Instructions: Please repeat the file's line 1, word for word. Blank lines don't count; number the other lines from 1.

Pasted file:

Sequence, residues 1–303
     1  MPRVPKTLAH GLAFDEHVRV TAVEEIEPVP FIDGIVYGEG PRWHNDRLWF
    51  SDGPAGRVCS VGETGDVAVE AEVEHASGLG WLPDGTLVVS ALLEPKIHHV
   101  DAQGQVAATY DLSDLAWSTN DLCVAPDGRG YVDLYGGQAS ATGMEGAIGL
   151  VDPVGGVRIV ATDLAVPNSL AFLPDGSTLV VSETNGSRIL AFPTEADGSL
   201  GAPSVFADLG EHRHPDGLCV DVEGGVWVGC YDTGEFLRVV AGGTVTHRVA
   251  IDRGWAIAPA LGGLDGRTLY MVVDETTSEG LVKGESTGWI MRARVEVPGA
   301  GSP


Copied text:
Sequence, residues 1–303